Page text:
the fast, reliable localhost tunneling solution

QuickStart Guide

1. Download

Download for your computer. It works on the Mac, Windows and Linux!

2. Run

The first time you run the program, it will help you create an account and your first kite.

3. Fly!

PageKite is a very flexible tool. Read on to learn how to use it!

Here we go ...

1. Download

You can download the program here.

If you are more interested in tinkering with the source code or trying experimental versions, check out our Open Source wiki pages.

Note: version is currently optimized for web developers, and as such it is meant to be used from the command-line (cmd.exe in Windows, or Terminal on the Mac).

2. Run for the first time

The following command will walk you through the process of creating your first kite:

$ --signup

(On Windows, the first time you double-click on the icon, it will start the sign-up process automatically.)

Alternately, fly localhost:80 on a name of your choice like so:

$ 80

If detects that you haven't signed up yet or are trying to use a new kite name, it will trigger the sign-up process automatically.

This may be enough to get you started. For more tips and tricks, read on!

3: Using

Basic concepts

  • Kites: A kite connects one or more services on your computer to a publicly visible DNS name or URL. In the examples below, we use the name
  • Services: A service can be a file or folder, a local web server, or any other local TCP server (such as SSH) which you might want to expose to the wider Internet.
  • The program used to create, maintain and manage kites and their services.

Flying kites - Apache, nginx, ...

Assuming you have a web server (for example Apache or Nginx) running on port 80 on your local machine, the following command will make it publicly visible:

$ 80

This will connect your localhost:80 web server to the publicly visible More importantly, it will also allow you to use SSL/TLS encryption on We recommend using the encrypted versions whenever possible!

You can replace 80 with other port numbers (3000 and 8000 are common values for web development).

Flying kites without a webserver

If you don't have a web server already installed, but just want to quickly expose a folder full of files or images, you can do so using's built-in web server:

$ /path/to/folder

That will make the contents of that folder visible at:

Note that for security reasons, if the folder doesn't contain an index.html file then people will see an error when they visit the site. If you want to present them with a list of files instead, you can do this:

$ /path/to/folder +indexes

Some basic security controls

Access controls can be enabled for a particular service, by using the +ip and +password flags, like so:

$ 80 +ip/ +ip/4.5.6=ok
$ 80 +password/bjarni=testing

As illustrated in the IP example above, you grant access to multiple IP addresses (or /24 subnets), or multiple username/password pairs simply by adding multiple flags. When access controls are in use, unauthorized connections will be rejected.

If you just run with no arguments (or double-click on the program icon on your Desktop or in a file manager), it will fly all enabled kites and services present in your configuration file. See the management section below for details on how to manage these settings.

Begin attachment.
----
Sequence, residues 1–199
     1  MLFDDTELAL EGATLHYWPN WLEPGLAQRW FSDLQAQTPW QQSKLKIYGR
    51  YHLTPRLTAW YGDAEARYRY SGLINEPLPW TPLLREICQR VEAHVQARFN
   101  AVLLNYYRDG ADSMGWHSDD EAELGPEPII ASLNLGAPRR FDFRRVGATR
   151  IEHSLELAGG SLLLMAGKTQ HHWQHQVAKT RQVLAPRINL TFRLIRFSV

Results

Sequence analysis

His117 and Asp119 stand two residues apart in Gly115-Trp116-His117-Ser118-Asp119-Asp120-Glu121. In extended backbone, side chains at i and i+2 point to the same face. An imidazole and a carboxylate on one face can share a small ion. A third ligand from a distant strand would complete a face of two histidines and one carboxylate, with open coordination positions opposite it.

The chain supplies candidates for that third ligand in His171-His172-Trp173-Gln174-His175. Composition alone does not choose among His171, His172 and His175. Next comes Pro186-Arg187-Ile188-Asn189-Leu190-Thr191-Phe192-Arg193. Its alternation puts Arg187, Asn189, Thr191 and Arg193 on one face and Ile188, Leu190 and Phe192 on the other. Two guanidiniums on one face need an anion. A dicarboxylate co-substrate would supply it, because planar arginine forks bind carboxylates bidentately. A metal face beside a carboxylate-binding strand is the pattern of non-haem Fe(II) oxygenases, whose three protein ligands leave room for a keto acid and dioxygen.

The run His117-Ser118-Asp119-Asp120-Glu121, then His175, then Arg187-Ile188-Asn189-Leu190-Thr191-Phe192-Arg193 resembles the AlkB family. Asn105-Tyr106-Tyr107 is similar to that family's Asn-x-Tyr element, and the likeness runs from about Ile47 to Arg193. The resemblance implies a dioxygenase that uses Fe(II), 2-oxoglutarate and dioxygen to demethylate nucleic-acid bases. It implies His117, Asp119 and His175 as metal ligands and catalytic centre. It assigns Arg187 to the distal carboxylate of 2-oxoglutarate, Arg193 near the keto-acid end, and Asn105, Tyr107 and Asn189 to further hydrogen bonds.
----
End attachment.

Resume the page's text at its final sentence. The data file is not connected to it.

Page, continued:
Naming your kites

When you sign up for service, you will be asked to choose a name for your default kite. You are not restricted to using just this name though:

  1. You can create unlimited sub-kites: or
  2. You can create a few new kites:
  3. You can use unlimited CNAMEs from your own domain instead.

To create a CNAME kite, read this HowTo. To create a new name, just use it! will detect that it is new and will walk you through the process of registering it.

$ 80

Note: Due to browser limitations, automatic SSL encryption support is only available for names ending in that contain no extra dots. This means will not have TLS support, but the slightly uglier will encrypt just fine - it is up to you which you choose.

Advanced kite flying

You can fly multiple kites at once, by using the AND keyword on the command-line, like so (yes it must be capitalized):

$ /var/www AND 80

If your local web development server expects incoming requests to use localhost or foo.local in the Host: header, and you would rather not reconfigure it, can rewrite the header for you:

$ localhost:80 +rewritehost
$ foo.local:80 +rewritehost

(Note that this technique incurs a slight performance penalty and reduces compatiblity, as it disables persistent HTTP/1.1 connections.) can also expose non-web services, or bind services to particular ports, and understands a familiar syntax for defining the publicly visible name.

$ 22
$ 3000

Note that only some public-facing ports are available - consult the output from to get a full list. Also, accessing non-web services requires HTTP Proxy support in the client. Please consult the HowTo wiki for details.

Kite management

The definition for each kite is stored in a plain-text configuration file stored in your home directory. This file is named .pagekite.rc on Linux and the Mac, and pagekite.cfg on Windows. You can edit this file by hand, but it is generally more convenient to let do the work.

Some examples:

# Print a list of all configured kites and services
$ --list

# Add services to
$ --add /var/www # Publish a folder
$ --add 80 # A local webserver
$ --add 22 # Enable SSH tunneling

# Disabling a service:
$ --disable

# Disabling an entire kite (all services):
$ --disable

# Removing kites or services completely:
$ --remove
$ --remove

4. More details...

Still feel like reading? Check out:

Welcome to PageKite!